In a new book, former Defense Secretary James Mattis takes the Obama administration to task for its weak response to the growing threat of the Iranian regime. One bombshell included in the book is the Obama administration’s tepid response to what Mattis referred to as an “act of war” by Iran – the planned bombing of a café in Washington, D.C.
The Washington Examiner reported on Mattis’ book, where he describes how during his time as the leader of U.S. Central Command (where he served between 2010 and 2013) he repeatedly warned the Obama administration about Iran and Sunni Islamist terrorists, though he felt Iran posed the “more deadly of the two threats.”
Mattis claims in his book, Call Sign Chaos: Learning To Lead, that Obama fired him because of these warnings, and that the administration didn’t even tell him about the Iranian plot to bomb the café. Mattis was informed of the plot by a duty officer in Tampa, Florida, who told him then-Attorney General Eric Holder and then-FBI Director Robert Mueller (yes, that Robert Mueller) held a press conference announcing the arrest of two Iranians who had planned the attack on Café Milano. The Examiner describes the café as “a high-end restaurant in Washington that was a favorite of the rich and famous, including Saudi Arabia’s ambassador, Adel al-Jubeir.”
“Attorney General Eric Holder said the bombing plot was ‘directed and approved by elements of the Iranian government and, specifically, senior members of the Qods Force.’ The Qods were the Special Operations Force of the Revolutionary Guards, reporting to the top of the Iranian government,” Mattis writes in his book.
Mattis goes on to explain that he “saw the intelligence: we had recorded Tehran’s approval of the operation.”
Mattis continues, saying that if the bomb had gone off, it would have been “the worst attack on us since 9/11.”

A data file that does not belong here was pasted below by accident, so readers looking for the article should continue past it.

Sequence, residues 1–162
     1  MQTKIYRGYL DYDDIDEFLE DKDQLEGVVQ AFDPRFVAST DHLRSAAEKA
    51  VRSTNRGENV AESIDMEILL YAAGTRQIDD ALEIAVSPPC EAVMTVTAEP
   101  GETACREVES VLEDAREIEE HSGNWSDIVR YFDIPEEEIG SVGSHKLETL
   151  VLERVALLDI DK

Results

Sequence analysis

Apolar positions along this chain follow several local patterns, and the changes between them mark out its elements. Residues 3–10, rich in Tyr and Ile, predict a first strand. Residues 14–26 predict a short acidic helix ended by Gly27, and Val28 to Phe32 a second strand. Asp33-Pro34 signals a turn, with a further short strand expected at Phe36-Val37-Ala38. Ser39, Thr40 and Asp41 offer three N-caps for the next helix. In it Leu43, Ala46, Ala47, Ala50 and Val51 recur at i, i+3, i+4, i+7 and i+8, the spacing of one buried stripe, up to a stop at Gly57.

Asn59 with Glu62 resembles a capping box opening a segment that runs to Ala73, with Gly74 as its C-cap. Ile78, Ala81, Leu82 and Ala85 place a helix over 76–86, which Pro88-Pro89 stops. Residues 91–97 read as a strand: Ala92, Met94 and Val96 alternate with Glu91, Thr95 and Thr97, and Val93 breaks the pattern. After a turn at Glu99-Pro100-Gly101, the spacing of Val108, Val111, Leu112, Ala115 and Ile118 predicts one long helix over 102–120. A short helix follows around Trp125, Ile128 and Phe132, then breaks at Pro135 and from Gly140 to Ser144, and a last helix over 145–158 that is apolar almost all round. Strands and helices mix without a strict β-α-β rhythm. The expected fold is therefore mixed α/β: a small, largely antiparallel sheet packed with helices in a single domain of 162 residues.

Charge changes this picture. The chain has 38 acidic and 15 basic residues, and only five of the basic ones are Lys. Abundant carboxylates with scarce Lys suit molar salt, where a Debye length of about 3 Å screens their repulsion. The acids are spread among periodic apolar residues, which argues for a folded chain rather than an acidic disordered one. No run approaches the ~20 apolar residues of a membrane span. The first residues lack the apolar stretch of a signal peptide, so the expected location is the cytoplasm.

“Had the bomb gone off, those in the restaurant and on the street would have been ripped apart, blood rushing down sewer drains. It would have been the worst attack on us since 9/11. I sensed that only Iran’s impression of America’s impotence could have led them to risk such an act within a couple of miles of the White House,” Mattis writes. “Absent one fundamental mistake — the terrorists had engaged an undercover DEA agent in an attempt to smuggle the bomb — the Iranians would have pulled off this devastating attack. Had that bomb exploded, it would have changed history.”
Mattis writes that he wanted to “respond forcefully,” but President Barack Obama refused to inform the public about just how dangerous the plot truly was.
“We treated an act of war as a law enforcement violation, jailing the low-level courier,” Mattis writes.
Mattis, by contrast, writes that he “wanted calculated actions, to restrain the regime so it couldn’t thrust us into a war.”
“In my view, we had to hold Iran to account and strike back when attacked. But there was a reason for the administration’s restraint,” Mattis writes. “The administration was secretly negotiating with Iran, although I was not privy to the details at the time.”
Those “secret” negotiations would eventually become the Iran Deal, which President Donald Trump withdrew from in 2018.
“In my military judgment, America had undertaken a poorly calculated, long-shot gamble. At the same time, the administration was lecturing our Arab friends that they had to accommodate Iran as if it were a moderate neighbor in the region and not an enemy committed to their destruction,” Mattis writes. “As long as its leaders consider Iran less a nation-state than a revolutionary cause, Iran will remain a terrorist threat potentially more dangerous than Al Qaeda or ISIS.”
Mattis still believes Iran is the biggest threat in the Middle East, and that the Obama administration’s refusal to retaliate has led to the “emboldened” nation that continues to escalate attacks, including shooting down U.S. drones.